Christmas in Kyoto


Christmas in Kyoto did not sound promising but the flight was cheap. Having spent the last several Christmases huddled around the small wooden tables of the German Weihnachtsmarken, hands wrapped tightly around steaming ceramic mugs of glühwein, we expected Japan to be a bit of a disappointment in terms of holiday spirit.

There would be no Christmas markets selling roasted sausages or over-sized steins of altbier. There would be no outdoor festival tables to provide the inevitable camaraderie that accompanies the mass consumption of mulled wine in freezing temperatures. Communication would be near impossible as both my wife Lauren and I spoke very little Japanese and could not read kanji or katakana.  

Nonetheless, one evening as we approached the bottom of our second bottle of wine, we decided Kyoto would make for a fine introduction to Japanese culture, with the added bonus of seeing drunken Japanese “salary men” stumbling around in Santa hats.  

Our Christmas Day flight was uneventful and we were able to grunt and point our way onto a train that would take us to Kyoto Station. Credit goes to the Japanese for taking the European model of rail travel and improving upon it exponentially – Kyoto Station puts the main stations of Paris and Berlin to shame.  Taxi doors open automatically and the rear seats are covered in durable lace doilies.  As we arrived at the hotel I imagine I looked somewhat akin to a travel weary tea sandwich. 


Despite it being Christmas Day, we had no discernible plan of attack regarding a grand meal or celebration. The hour was too early to eat but socially acceptable to drink.  We decided to set a base of operations at the pub across the street from the hotel.  I immediately spotted the pub upon our arrival; a valuable life skill I have developed over the years.  The second floor pub, The Black & White, named for the popular brand of scotch, was nearly empty with the exception of a few aged Japanese men smoking cigarettes.  As we started to sit at the bar, the two stools nearest the door, the bartender shuffled over.

“Sorry, these are reserved,” he said.

“All of them? ” I asked. 


Off to a bad start in Kyoto.  It's not as if Lauren and I kicked open the door waving an American flag while belting out Lee Greenwood's Greatest Hits.  We've always considered ourselves rather inconspicuous travelers, opting for muted colors and muted voices.  In Germany we were frequently mistaken for local nationals at first glance.  It wasn't until I started to speak my broken German that most waitstaff and bartenders were able to pin us down as Auslanders.  We left the pub dejected and pondering the fact that despite our best efforts, we'd never be able to blend in with the locals in Japan.

Eventually we came upon a wine bar that was more than happy to accept our Yen in exchange for refreshments. Now that we had a moment to sit and plan our evening, we began to fret over our lack of dinner reservations. We were so accustomed to the laissez-faire nature of dining in Europe that we failed to account for any potential cultural differences in Japan.

Our fears were well founded.  After leaving the wine bar, famished and a bit drunk, we faced one dismissal after the other from the restaurants throughout Kyoto.  Apparently we failed to account for the adoption of Christmasas one of the many aspects of the Westernization of Japanese culture. I flipped vigorously through the Japanese dining app on my phone fearing we would be reduced to some second rate sushi place for our Christmas dinner.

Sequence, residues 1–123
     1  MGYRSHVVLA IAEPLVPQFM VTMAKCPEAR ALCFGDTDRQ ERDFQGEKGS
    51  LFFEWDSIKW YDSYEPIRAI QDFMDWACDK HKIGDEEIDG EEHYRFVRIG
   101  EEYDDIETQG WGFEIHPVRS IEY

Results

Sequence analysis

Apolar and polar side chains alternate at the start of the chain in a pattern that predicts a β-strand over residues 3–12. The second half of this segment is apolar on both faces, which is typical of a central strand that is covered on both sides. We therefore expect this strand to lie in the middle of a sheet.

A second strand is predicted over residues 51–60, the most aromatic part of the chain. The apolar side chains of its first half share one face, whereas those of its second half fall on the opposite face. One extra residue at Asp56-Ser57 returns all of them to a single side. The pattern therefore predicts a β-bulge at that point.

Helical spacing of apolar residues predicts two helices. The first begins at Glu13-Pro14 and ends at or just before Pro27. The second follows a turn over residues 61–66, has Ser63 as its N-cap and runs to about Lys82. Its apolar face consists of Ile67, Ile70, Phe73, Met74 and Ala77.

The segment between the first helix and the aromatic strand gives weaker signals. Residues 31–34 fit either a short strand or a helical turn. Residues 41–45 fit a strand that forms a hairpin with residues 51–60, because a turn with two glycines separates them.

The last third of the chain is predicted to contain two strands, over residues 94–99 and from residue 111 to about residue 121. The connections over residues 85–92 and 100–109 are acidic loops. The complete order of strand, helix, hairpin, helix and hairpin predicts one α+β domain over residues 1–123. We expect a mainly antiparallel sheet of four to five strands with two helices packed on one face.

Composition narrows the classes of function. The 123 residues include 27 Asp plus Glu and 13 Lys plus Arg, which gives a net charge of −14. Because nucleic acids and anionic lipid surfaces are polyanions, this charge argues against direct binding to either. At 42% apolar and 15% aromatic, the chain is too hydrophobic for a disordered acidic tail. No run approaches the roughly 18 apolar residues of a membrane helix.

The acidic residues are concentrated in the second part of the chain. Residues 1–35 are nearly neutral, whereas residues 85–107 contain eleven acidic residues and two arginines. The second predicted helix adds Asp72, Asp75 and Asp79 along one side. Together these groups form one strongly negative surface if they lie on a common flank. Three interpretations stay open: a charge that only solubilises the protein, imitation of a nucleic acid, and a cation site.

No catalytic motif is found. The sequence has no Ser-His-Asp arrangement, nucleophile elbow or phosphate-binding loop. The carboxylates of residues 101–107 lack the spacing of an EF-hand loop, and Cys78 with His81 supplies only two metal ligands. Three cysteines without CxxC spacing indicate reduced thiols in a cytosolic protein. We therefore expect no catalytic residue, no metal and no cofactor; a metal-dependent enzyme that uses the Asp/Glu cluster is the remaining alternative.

As the denials continued, we happened upon a small izakaya, a sort of Japanese pub, to regroup and consider our realistic options.  As we downed pints of Sapporo and chatted with a bartender who was enthusiastic about practicing his English, I finally felt a sense of comfort.  Two Santa hats adorned a tacky Christmas centerpiece at our end of the bar. I removed the hat and put it on and the bartender followed my lead.  We posed for pictures side by side, arms over shoulders. I'd never felt taller. Perhaps it was the Sapporo.


As we left, the bartender suggested a restaurant around the corner called Gyu-Kaku that was known for its yakiniku. I had no idea what yakiniku was but it was definitely time to eat.  After a short walk, we found the restaurant and were promptly seated.  It turns out yakiniku is a type of do-it-yourself barbecue that is extremely popular in Japan – an open flame fondue.  The server brought us a tray of thinly sliced meats of various origins -ribs, tongues, livers, tenderloins, bellies and cheeks to name a few.  It wasn't ham and mashed potatoes but it was strangely comforting.

The next morning, we searched for a taxi to take us to the Fushimi Inari, a famed Shinto shrine with thousands of bright orange toriis dedicated to Inari, the god of rice.  Standing on the corner was a portly Japanese man of about 30 years with bloodshot eyes, wearing a black business suit. To his right was his companion, a young woman resembling something out of a Japanese cartoon. She was wearing what could only be described as a“sexy” Santa costume that barely covered the important parts. They began to argue and she protested angrily by crossing her arms and stomping her feet.  A taxi arrived and he shoved her into the backseat. Before departing the man screamed something of an aggressive nature toward the gawking crowd.

Not speaking any Japanese, I just figured the man was saying “Merry Christmas”.

CM Tobias recently relocated from Germany to Okinawa, Japanwhere he works in education.  He is currently developing where he hopes to offer a humorous take on being lost abroad.

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